Monday, October 01, 2007

Who Will Own Our Children?

Ok, I'll admit it. I stole this headline for the National Association of State Boards of Education's report on financial and investor literacy. The title says it all. If you decide not to teach your kids about money when they are young, you may be ceding their financial educational literacy to credit card companies or financial institutions who may not have your child's best interests in mind. This is certainly not to say that credit card companies and financial institutions are bad - only that I don't believe they should be the primary source of financial literacy education for our kids. Parents need to teach their kids about money. Why? Let me give you a few snippets from the report:

"In 2005, the average personal savings rate for the year dipped into negative territory [where it's remained] the United States for the first time since the Great Depression as consumers relied on credit and/or tapped into personal savings and other assets to allow them to spend more than they took in. As a comparison, savings rates for countries in Western Europe hover around 14 percent." In short, we need a country-wide change in attitude towards saving money. We must teach kids the basics of financial literacy as early as possible, just as we do with teaching them their ABCs, personal hygiene and eating right (though I suppose we still need work on the latter of these). I believe that this may take a generation to do - though hopefully sooner - and that we need to start now.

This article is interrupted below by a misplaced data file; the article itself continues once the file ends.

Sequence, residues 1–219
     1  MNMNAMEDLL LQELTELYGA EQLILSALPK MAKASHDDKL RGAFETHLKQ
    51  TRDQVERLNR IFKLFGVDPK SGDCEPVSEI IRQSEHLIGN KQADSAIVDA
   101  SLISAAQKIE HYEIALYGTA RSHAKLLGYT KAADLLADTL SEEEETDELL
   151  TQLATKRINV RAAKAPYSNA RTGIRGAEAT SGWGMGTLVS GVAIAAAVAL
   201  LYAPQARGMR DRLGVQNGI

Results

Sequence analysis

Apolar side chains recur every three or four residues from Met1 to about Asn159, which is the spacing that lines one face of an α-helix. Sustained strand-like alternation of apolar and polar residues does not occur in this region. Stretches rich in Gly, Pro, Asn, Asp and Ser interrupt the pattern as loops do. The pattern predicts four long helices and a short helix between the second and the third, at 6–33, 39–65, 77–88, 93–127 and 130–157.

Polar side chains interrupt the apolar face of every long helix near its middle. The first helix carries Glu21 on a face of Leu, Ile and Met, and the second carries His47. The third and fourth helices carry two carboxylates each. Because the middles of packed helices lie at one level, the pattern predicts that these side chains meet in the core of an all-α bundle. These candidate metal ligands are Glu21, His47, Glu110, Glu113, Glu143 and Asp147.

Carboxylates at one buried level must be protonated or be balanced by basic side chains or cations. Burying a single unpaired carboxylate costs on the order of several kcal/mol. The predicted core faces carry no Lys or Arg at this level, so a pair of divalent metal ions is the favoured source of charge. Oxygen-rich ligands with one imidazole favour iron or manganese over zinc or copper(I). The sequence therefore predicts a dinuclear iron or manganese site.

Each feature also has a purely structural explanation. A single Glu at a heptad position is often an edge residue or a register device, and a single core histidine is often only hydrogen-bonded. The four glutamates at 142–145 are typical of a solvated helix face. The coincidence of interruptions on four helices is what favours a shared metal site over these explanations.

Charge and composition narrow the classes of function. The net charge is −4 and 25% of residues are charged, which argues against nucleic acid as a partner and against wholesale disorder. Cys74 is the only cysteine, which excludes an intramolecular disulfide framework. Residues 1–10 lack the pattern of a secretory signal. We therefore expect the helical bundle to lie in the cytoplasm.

"Changes in employment and public policy have only recently put substantial financial responsibility on the shoulders of individuals, a condition for which they have not been adequately prepared. Financial literacy is as much a societal concern as it is an issue for individuals..." The NASBE narturally argues that the state boards of education need to be involved directly in K-12 financial literacy. I do agree that classes in personal finance are arguably as important - if not not more important - than those in the three R's and I'm glad financial literacy requirements are in place in some states. I believe, however, that it's of paramount importance that parents take significant responsibility in the process as they will set the stage with their own behaviors as to how children will view and use money. I created a DVD, "The Money Mammals: Saving Money Is Fun," to help parents start this dialogue. If you are interested in finding out more, click on the link to the right.

Most importantly, youth financial literacy makes a difference. The NASBE report notes that "the evidence shows that youth financial education can make a difference. Individuals graduating from high schools in states the mandate personal finance education courses have higher savings rates and net worth as a percentage of earnings than those who graduate from schools in states without such a mandate. "

So before you decide to wait to talk to your kids about money, be sure to ask yourself, "Who will own YOUR children?"



Nivek said...

It's going to be hard to get parents to teach their kids about money when so many adults are lacking in financial education. I wish there was a big non-profit organization dedicated to advancing personal finance education for all ages. Someone to lead a national movement and get the message out to the public and to the politicians.

John said...

I agree that we're on a long road to 10% (what our savings rate should be) and that it's imperative that parents are educated as part of the process. Interestingly, when I host live Money Mammals events for kids, parents seem to get a lot out of the simplification of our approach - focusing on needs vs. wants and on sharing, saving and spending smart. You might want to google the FDIC Money Smart Program - The Federal Deposit Insurance Corporation has a wide reaching Money Smart Program to help teach financial literacy. Also, we are part of the National Jump$tart Coalition to teach kids K-12 about personal finance.